[Viewpoint] A crisis in Korea’s political cultureEveryone has a book that one reads cover to cover, underlining meaningful passages along the way. “The Ugly Chinaman and the Crisis of Chinese Culture” is one such book for me. It was published in 1985 and written by Bo Yang, an anti-government Taiwanese writer who had received a death sentence and spent nine years in prison. The book was translated by Kim Young-su, who specializes in Chinese-language books, and was first published in Korea in 2005. The book points out problems of Chinese civilization and proposes improvements. To me, Bo’s advice sounded like a warning to Koreans as well. The following is an excerpt from the book:
“Electing the wrong leader is no different from having a tailor fix the door. The tailor would put the door in upside down. The homeowner would say, ‘Are you blind? You just put the door in upside down!’ The tailor would say, ‘It is you who is blind, having a tailor fix a door when I specialize in making clothes.’”
Bo constantly urged citizens to think critically. Without the ability to pick the right leaders, citizens were no different from the homeowner who hired a tailor to fix the door. If you cannot distinguish a beauty from a beast, you cannot blame anyone else. Maybe we have been blind.
The nation is in a big mess, both inside and out. Not even half of the president’s term has passed, but things stink. While everything may seem intact on the surface, if you look inside, you’ll find all kinds of bugs and maggots. It’s like we’re watching an old film about the authoritarian period. An innocent civilian is forcibly investigated by the authorities, and memories of torture linger. Prosecutors enjoy free drinks and merrymaking, while corruption threatens to destroy the educational system from the inside.
Politicians are not much better. While they should have learned a lesson from their defeat in recent local elections, the ruling party politicians are still blinded by a power struggle and are taking aim at each other. They claim that they are working for the nation and the citizens, but to me, they are only moths attracted to the burning flame of power. Maybe this is only natural, since the Blue House is run by third-rate officials with little understanding of public service when the presidential office should be filled with elite professionals.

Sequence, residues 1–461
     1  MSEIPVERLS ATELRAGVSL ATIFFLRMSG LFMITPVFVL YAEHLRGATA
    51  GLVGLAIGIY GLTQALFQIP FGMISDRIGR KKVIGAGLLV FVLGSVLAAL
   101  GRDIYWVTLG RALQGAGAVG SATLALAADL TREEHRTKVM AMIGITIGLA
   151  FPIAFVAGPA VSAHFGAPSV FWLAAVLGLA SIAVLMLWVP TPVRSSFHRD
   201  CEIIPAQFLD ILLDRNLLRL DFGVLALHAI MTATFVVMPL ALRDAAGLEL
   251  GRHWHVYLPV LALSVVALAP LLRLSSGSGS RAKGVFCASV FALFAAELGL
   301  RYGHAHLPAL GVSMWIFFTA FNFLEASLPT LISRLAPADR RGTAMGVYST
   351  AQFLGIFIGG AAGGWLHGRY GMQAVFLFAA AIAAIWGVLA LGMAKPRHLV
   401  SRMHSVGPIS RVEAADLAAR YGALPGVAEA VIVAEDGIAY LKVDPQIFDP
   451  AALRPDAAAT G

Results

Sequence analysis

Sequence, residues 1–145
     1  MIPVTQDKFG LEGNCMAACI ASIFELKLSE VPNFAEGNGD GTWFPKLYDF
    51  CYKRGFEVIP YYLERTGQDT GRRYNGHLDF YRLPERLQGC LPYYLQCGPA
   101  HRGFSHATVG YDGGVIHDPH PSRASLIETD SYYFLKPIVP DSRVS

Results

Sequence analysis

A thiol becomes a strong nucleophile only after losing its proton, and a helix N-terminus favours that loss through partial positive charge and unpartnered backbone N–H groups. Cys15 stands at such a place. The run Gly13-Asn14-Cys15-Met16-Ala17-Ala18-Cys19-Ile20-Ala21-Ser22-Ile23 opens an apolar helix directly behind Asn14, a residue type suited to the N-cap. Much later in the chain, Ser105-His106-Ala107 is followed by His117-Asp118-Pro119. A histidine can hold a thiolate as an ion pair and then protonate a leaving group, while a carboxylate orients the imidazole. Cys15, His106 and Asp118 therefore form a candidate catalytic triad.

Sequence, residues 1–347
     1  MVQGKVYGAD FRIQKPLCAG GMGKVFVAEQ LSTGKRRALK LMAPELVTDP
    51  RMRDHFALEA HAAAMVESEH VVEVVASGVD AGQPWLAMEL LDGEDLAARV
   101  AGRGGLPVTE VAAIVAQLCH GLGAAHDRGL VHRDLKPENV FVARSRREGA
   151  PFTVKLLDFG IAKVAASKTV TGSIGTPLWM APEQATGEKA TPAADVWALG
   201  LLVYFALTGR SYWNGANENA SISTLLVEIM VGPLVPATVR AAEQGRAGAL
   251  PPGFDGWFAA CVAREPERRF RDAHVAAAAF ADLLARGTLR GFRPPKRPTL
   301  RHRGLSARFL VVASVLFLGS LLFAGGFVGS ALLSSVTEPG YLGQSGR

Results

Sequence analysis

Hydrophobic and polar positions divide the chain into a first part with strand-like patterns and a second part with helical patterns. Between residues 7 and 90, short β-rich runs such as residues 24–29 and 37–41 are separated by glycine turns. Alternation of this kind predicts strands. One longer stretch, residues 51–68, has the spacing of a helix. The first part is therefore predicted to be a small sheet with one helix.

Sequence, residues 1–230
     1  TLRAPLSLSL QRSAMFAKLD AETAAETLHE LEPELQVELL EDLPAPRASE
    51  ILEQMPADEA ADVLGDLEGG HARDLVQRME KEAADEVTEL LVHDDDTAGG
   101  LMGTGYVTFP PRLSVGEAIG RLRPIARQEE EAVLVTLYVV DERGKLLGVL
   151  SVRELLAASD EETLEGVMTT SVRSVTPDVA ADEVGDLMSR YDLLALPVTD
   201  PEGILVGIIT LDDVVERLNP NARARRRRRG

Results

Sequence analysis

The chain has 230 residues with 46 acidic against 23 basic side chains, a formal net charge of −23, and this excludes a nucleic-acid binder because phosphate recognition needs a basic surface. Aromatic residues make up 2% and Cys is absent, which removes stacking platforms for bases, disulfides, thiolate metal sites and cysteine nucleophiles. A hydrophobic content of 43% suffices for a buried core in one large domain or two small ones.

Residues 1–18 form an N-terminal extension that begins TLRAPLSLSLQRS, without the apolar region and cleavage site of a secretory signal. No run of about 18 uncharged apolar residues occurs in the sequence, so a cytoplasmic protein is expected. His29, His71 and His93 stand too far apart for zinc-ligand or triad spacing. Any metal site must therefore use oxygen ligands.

The administration is so shaky, we cannot expect much from other government officials. The marine defense line was violated by a North Korean attack, and dozens of lives were lost, but no one is stepping forward to take responsibility. Instead, the government is complaining that civilians who don’t understand the unique military situation have undermined the honor and spirit of the armed forces.
Working-level Foreign Ministry officials are claiming a “half success” after suffering a diplomatic humiliation at the UN Security Council. They blame China and international politics, but these obstacles are nothing new.
Shouldn’t they show some sense of shame and accountability? If the leader had set an example that there was no place for deception in public service, such disgraceful behavior would never have been displayed. It is only natural that bureaucrats abuse the weakness of the leader as soon as his vulnerability is revealed.
More and more people complain that we chose the wrong leader. Some voters say they were blinded by the president’s promises to revive the economy. However, you have to take responsibility and pay the price for your wrong decisions, no matter how painful it may be. That’s democracy.
Humans all have their faults, and leaders are no exception. But a leader has to have at least one virtue: tolerance. A true leader must listen to other voices and not blame others. Are any officials in the Blue House willing to risk their positions and oppose the president? If the Blue House had a few honest, courageous aides, the situation would be much better. This is the president’s fault above all else, and it’s a tragedy for him, too.
I have rarely seen a government that blames others like Lee Myung-bak’s. They blame the lost decade, former president Roh Moo-hyun, candlelight vigils, the Internet, pro-Pyongyang leftists, Kim Jong-il, Park Geun-hye, external circumstances, the People’s Solidarity for Participatory Democracy and others for their faults. The administration makes excuses by pushing responsibility onto others. Even if the justifications are valid, citizens have more respect for leaders who show accountability.
When Mencius spoke about humanity, righteousness, propriety and wisdom, he said that feeling ashamed of wrongdoing was the basis of righteousness. We only expect tolerance from a leader with a sense of shame.
“How can the citizens blame and accuse others when they themselves aren’t qualified? Having cheered for a man who does not deserve respect, how can you rebuke him for riding on top of your neck?” Bo once asked. Do his words only apply to greater China? Korea’s foundation is far too shaky to make the same mistakes.
*Translation by the JoongAng Daily staff.
The writer is an editorial writer of the JoongAng Ilbo.
By Bae Myung-bok